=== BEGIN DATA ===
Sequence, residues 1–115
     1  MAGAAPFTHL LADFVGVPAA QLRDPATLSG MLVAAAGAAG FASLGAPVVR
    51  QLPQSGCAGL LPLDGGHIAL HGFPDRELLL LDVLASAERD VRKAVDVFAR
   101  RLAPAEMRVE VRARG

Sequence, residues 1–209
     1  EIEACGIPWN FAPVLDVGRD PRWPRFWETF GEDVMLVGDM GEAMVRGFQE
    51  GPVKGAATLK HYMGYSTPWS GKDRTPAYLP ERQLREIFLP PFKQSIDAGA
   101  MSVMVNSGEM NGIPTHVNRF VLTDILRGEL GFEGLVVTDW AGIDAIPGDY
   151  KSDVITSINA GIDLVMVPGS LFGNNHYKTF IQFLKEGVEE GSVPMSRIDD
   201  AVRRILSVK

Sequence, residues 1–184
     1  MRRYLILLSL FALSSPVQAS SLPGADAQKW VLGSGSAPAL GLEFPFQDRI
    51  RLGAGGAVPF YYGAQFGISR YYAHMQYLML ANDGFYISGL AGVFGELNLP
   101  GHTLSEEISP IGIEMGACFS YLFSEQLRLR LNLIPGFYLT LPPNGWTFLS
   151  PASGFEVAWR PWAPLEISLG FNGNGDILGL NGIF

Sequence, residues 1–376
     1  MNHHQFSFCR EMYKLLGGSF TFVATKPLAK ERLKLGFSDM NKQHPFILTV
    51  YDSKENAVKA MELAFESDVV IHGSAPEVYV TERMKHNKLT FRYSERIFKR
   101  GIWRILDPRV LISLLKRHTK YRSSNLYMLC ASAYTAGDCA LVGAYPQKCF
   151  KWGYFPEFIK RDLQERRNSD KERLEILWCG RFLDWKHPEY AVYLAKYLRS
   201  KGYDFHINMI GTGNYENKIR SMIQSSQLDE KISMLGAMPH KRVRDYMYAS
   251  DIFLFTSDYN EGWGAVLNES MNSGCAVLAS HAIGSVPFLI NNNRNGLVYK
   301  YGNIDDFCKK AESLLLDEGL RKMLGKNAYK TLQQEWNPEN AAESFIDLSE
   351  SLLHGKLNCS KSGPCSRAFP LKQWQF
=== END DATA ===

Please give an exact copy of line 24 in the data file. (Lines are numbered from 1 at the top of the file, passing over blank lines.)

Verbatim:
   351  SLLHGKLNCS KSGPCSRAFP LKQWQF